- At Home
It’s 11:40 at night, David Letterman is on the tube and I am afraid to go to bed. I just finished a date night, got my fill of romance and I should be fast asleep, but instead I am awaiting the sound of footsteps to come stomping down the hallway. I’m ashamed to admit that we are back in the full swing of trying to sleep train our children.
It seems like only yesterday when I was new to Twitter and reaching out to my cyber friends for any support I could get while tortured by the symphony of screaming from my nursery. That seems like ages ago, and although my kids have surpassed the toddler stages, here I STILL am - getting up at least once or twice a night.
Truth is that all my kids are divinely strong-willed, sometimes to a fault. The normal sleep training 3-day rule has proven to be BS in my household. What it has given me is a room full of vomit due to kids who were traumatized by being left alone in their beds to cry themselves into a revolting terror. Not flying in my house!!!
What I never got about the concept is that it's more exhausting to sleep train your children than just enjoy the family bed. I know I am opening a community can of worms here, and it is not for everyone, but I loved my family bed for many years.
Only now I am paying the price…
Anyone who knows me and has read my book and blogs knows that I am not big on tough love. Tenderness has kept my blended family close and attachment bonding was a philosophy of mine for my first five years of motherhood. I learned the pros and cons of that and have tried many methods for children #3 and #4. But the bottom line is, they are still sneaking into our beds like little mice.
Frankly, I do not know anything more delicious than a cuddle from my kids and so I have enjoyed every midnight interruption, until these past few months. I have been so busy with work and the many early call times have been wearing on me. A good night’s sleep has become more of a fantasy than a reality. This holiday it was even my Christmas wish on my early visit to Santa.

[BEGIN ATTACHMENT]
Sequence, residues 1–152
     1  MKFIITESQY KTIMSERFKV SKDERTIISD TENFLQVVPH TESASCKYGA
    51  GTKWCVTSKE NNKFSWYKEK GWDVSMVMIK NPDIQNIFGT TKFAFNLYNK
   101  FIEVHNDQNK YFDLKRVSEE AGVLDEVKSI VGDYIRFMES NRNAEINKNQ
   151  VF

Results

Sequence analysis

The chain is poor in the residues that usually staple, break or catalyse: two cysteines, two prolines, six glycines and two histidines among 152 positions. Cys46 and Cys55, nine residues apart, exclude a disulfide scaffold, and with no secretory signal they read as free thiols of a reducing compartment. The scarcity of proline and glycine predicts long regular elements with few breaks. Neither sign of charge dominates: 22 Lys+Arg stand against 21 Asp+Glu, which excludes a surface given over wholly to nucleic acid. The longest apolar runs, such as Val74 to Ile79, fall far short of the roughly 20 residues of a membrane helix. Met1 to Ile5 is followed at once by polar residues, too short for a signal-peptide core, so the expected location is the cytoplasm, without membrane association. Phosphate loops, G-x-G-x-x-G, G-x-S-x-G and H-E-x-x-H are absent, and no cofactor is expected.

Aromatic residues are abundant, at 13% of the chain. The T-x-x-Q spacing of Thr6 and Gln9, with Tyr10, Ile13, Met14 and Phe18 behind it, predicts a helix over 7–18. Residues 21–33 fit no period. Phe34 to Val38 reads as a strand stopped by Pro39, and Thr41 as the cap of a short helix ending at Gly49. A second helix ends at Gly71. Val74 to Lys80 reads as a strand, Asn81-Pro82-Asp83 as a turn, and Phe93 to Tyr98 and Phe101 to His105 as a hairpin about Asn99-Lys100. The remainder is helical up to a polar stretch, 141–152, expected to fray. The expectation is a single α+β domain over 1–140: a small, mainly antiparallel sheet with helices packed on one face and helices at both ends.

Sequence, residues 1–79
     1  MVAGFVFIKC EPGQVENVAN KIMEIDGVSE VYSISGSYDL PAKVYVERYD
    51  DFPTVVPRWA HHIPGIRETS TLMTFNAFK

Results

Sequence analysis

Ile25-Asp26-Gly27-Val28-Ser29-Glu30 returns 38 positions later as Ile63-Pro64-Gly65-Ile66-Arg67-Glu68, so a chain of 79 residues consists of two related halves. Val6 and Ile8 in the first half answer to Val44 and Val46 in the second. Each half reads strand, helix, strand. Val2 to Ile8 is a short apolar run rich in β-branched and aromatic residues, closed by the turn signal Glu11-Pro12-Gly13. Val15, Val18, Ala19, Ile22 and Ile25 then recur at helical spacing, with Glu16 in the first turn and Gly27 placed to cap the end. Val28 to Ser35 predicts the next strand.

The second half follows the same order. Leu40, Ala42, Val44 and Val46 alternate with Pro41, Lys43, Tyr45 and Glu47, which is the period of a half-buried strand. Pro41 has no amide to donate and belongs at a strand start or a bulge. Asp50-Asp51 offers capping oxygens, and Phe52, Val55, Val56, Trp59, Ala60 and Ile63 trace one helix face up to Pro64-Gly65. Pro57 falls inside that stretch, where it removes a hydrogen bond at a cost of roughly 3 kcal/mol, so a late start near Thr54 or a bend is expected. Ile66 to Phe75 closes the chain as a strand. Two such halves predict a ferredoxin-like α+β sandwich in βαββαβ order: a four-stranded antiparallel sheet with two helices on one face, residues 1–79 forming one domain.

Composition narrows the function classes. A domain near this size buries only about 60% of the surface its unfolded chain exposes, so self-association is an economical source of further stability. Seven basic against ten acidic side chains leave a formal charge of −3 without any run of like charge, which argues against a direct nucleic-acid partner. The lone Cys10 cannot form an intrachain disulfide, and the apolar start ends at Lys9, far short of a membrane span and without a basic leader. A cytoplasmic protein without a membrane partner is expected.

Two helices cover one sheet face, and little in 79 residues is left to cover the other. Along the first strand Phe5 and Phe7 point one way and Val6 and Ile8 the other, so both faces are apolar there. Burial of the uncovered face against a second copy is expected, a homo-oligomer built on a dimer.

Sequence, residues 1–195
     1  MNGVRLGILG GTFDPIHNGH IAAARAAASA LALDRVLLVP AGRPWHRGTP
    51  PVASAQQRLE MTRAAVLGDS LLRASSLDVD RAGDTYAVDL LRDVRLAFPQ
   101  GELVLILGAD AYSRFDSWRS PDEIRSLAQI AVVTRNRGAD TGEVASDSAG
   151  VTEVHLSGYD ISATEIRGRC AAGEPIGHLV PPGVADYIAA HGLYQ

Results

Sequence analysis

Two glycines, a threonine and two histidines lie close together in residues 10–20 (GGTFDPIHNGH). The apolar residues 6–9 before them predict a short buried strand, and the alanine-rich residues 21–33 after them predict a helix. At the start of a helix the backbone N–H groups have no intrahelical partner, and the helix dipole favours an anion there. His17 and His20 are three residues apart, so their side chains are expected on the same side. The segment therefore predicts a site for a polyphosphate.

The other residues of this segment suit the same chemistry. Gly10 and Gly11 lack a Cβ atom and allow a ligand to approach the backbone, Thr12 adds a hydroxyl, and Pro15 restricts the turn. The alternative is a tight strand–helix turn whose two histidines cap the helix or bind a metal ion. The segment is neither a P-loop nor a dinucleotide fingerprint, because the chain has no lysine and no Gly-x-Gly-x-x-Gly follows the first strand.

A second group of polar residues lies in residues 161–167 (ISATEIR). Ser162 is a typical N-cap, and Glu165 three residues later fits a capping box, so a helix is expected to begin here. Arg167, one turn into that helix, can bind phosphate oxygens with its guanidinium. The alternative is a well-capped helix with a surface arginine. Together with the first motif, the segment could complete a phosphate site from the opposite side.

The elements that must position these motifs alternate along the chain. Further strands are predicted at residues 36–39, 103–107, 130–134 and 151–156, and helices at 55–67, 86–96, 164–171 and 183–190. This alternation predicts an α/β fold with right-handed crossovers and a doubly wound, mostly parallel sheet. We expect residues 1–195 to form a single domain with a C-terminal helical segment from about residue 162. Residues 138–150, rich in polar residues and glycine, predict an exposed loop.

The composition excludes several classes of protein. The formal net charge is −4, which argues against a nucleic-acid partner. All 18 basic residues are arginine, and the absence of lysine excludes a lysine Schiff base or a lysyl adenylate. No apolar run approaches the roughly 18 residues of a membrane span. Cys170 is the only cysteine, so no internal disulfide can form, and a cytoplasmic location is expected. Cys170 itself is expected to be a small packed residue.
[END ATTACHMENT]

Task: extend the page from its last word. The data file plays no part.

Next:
Lately it has been musical beds in my house. Shaya comes in, squeezes in between us and goes immediately to sleep after his swig of water from our bedside table sippy cup. Shortly after that - in the wee hours of the night - in comes Rain, who sweetly asks, “Mommy will you hold me?” as she snuggles close. Of course we become entangled like a pretzel away from the boys. That’s makes four in my bed and sometimes late in the night I wake smushed, hot, or pinned down. Then I bail to my daughter’s empty bed to sleep through whatever time remains in the night.
Timing is key for us in the very challenging sleep training process. Now that I have finished my TV season, I have some time off to bury myself in other real jobs like slavery, chef, chauffer and my least favorite, night referee!
So I decided to get creative.
I explained in detail to my youngest kids how important it is to sleep in our own beds. That Mommy and Papa need our sleep so we can focus during the day and how it's hard for us to sleep and be healthy when they wake us up at night. I explained that it's not good for all of us to not sleep through the night. Then I made a chart for each of them. Here’s what they look like:
Ignore the abstract artwork!
I marked each day of the week except for Saturday, which will be a free day when we conquer this. Then I created a series of boxes, which will receive checks when they are accomplished. The boxes are for David, the kids and me.
Charts have worked great for us in the past. I also added a few boxes for healthy eating and that is working marvelously. They are excited about trying new veggies and fruit in order to receive those checks too.
My kids feel a sense of accomplishment when they are able to check off the boxes and we make them feel safe by reassuring them that we are checking in on them throughout the night, by checking our boxes for them to see.
Every morning, they get a happy face, sad face or MAD face depending on how the night went. So far not too many happy faces. They have been waking us up and we walk them back to their bed. Shaya is doing great with staying in there alone, but Rain is freaking out! She says she is so scared and needs me close to her. It’s really hard for me to hear her cry through that fear. What’s worse is that I have to stay up to keep going back in and reassuring her, and keep my word that I will be back in 5 minutes.
I’ve heard all the advice on how to do it and that it will get easier, but I really hate this! Some of you may say it’s my own fault, but I have no regrets for the years we enjoyed snuggling up together - so save the criticism please!
Rain broke my heart last night at 2 AM when she said, "Mommy I need to feel you close to me, we’ve been cuddling all my life, why won’t you let me cuddle you now?” So of course, I climbed in to hold her and tell her how much I love her. She was shaking. Probably faking it, but what a convincing actress! I broke the rules again, and I know I suck at sleep training.
So Rain got a sad face in the morning and so did I.
I’ll keep you posted. :(